Harmonisation with EU Regulations
“The National Bank of Serbia has invested significant efforts to harmonise national regulations in the field of payment systems with those of the EU. As a result of these efforts, on 18 December 2014 the National Assembly of the Republic of Serbia adopted the new Law on Payment Services. The Law introduces significant improvements to the existing system, modernises it and aligns it with the directives of the European Union (Directive 2007/64/EC on payment services in the internal market, Directive 98/26/EC on settlement finality in payment and securities settlement systems and Directive 2009/110/EC on the taking up, pursuit and prudential supervision of the business of electronic money institutions), creating a harmonised, modern and comprehensive set of rules for the provision of payment services at EU level. The most notable improvements are as follows:
- The Law creates the legal basis for increasing competition in the payment services market. As a rule, greater competition means higher quality services and more favourable prices.
- The Law also creates the legal basis for the establishment and operation of electronic money institutions and payment institutions.
- All types of payment services, including cutting-edge services, have been allowed for and regulated for the first time. Electronic money has been introduced and its issuance regulated.
- Furthermore, all payment service providers are now obliged to execute dinar payment transactions in the country within the same business day.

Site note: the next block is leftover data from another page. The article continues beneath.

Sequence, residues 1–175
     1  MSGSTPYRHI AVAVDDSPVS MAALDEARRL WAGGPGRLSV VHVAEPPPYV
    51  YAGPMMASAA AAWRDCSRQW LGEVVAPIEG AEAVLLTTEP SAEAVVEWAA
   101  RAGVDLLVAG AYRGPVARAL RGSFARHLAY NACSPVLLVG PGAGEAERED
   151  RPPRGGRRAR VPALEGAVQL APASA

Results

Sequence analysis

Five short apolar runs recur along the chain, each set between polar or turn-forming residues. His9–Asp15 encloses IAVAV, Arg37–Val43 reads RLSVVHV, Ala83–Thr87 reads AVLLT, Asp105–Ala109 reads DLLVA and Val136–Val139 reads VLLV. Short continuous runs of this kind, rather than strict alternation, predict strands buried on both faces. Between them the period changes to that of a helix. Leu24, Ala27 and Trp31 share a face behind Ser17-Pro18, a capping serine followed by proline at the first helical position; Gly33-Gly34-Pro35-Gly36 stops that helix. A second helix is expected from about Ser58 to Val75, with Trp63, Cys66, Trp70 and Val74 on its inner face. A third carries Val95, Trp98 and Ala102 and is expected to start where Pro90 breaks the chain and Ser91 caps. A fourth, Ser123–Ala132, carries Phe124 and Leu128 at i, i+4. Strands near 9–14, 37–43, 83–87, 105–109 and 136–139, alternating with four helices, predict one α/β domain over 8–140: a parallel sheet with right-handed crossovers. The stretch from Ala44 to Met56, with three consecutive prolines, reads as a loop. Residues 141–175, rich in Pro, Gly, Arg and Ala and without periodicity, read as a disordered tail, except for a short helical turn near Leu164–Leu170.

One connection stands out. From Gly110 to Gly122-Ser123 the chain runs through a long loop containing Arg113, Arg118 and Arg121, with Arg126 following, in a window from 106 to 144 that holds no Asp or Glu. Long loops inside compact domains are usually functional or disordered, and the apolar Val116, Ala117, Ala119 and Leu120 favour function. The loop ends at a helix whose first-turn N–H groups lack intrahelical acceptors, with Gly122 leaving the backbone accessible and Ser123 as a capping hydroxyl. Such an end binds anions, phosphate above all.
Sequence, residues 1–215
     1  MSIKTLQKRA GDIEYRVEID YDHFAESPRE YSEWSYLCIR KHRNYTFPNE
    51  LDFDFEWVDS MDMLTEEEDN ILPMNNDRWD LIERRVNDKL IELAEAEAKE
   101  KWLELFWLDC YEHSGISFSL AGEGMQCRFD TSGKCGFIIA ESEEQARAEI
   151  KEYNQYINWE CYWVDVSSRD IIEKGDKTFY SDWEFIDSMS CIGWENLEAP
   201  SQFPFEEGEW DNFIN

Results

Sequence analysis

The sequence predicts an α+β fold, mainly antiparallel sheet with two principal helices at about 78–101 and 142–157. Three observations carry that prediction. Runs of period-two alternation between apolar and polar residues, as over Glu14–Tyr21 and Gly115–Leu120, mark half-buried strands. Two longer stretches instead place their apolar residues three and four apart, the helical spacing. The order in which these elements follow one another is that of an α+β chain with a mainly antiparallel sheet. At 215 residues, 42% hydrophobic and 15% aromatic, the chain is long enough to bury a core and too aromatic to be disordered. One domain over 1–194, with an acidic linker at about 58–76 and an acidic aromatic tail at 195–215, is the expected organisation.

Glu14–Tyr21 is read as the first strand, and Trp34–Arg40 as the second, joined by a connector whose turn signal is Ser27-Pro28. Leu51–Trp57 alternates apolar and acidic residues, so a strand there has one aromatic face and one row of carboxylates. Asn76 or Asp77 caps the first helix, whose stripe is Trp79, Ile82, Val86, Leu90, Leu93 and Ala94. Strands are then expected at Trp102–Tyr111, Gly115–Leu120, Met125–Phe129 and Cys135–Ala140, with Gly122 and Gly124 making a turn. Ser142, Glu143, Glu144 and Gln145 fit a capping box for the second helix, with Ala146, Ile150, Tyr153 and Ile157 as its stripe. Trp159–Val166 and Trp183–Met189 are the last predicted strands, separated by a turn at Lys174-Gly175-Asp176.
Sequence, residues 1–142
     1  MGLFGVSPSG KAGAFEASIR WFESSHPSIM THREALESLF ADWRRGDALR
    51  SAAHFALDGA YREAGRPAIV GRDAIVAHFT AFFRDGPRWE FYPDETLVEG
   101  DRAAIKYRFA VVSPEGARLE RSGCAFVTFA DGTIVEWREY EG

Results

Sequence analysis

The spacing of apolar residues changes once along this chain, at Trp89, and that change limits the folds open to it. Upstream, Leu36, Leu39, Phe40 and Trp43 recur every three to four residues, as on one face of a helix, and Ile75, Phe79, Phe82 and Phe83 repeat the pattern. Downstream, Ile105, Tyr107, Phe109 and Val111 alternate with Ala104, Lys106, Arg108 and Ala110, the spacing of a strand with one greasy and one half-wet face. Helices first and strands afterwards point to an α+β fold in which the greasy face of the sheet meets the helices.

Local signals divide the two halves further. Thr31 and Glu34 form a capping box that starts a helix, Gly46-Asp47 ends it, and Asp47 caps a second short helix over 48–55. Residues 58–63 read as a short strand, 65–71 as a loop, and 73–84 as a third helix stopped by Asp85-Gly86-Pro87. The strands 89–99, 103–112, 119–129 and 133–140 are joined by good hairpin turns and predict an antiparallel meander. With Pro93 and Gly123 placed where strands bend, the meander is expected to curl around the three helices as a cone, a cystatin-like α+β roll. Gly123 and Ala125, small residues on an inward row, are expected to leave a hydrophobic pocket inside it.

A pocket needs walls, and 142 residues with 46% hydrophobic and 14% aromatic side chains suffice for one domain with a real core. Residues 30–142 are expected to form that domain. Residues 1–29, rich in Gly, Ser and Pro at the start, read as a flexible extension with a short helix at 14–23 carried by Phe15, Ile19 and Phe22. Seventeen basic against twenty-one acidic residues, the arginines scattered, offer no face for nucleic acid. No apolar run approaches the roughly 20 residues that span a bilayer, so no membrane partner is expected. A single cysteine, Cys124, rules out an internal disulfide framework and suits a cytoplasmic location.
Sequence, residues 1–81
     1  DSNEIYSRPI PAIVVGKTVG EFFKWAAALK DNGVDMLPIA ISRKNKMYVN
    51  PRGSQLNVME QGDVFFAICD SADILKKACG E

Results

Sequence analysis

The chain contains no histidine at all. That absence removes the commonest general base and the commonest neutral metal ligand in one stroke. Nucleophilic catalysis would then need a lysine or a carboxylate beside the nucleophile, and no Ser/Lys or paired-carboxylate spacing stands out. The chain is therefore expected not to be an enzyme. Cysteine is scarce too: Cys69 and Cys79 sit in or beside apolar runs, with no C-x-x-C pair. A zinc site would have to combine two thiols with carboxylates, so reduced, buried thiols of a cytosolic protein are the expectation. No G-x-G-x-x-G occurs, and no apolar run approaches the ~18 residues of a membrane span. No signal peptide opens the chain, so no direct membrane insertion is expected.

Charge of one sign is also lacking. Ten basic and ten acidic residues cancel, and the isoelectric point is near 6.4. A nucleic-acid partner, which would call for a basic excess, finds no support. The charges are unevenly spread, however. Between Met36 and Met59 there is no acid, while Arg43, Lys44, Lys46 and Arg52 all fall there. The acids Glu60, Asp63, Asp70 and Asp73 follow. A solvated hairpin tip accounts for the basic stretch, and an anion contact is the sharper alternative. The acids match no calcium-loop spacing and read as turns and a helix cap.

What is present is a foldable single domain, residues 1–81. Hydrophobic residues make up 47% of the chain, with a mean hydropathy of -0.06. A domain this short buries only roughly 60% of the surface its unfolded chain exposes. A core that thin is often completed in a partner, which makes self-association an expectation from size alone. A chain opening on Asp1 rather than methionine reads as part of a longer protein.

- In addition, the Law stipulates in detail the information that a payment service user must receive from a payment service provider.
- Namely, a payment service provider must submit to the natural person user, at the user’s request and free-of-charge, the statement of executed payment transactions on paper, once a month.
- In case of a dispute between a payment service user and provider, the burden of proof lies with the provider who must prove that it submitted to the user all statutory information and executed the transaction in accordance with the user’s request.
- Under the new Law, the credit/debit value date (as the moment from which interest on funds debited or credited on the payment account is calculated) may differ from the time of debiting/crediting funds in the payment account, only if this is more favourable for a payment service user.
- A payee (e.g. a trader) may offer a discount for the use of a payment card or other payment instrument.
- A payment service user must take all reasonable and adequate measures to protect personalised security features of a payment instrument. At the same time, a user must use a payment instrument in accordance with the prescribed and agreed conditions, and must notify the payment service provider of the loss, theft or misuse of a payment instrument, immediately upon becoming aware of such event.
- A payer is entitled to a refund in the case of an unauthorised or incorrectly executed payment transaction, and in the case of an authorised payment transaction where the amount is not exactly determined (e.g. payment of utilities services through direct debit), if the transaction amount exceeds the amount the payer could have reasonably expected.
- Further, the Law stipulates the assumption of liability of the payment service provider for a loss arising from the misuse of payment instruments, except where a payment service user is proven responsible (each loss above RSD 15,000).
- Besides, the Law also regulates payment systems as part of the financial infrastructure, enabling mutual connections among payment service providers for the purpose of the timely execution of payment transactions of their clients.
- Moreover, the supervision function is widened and enhanced – the NBS will supervise all payment service providers and electronic money issuers, in relation to the provision of payment services and issue of electronic money. The NBS will also supervise payment service operators.”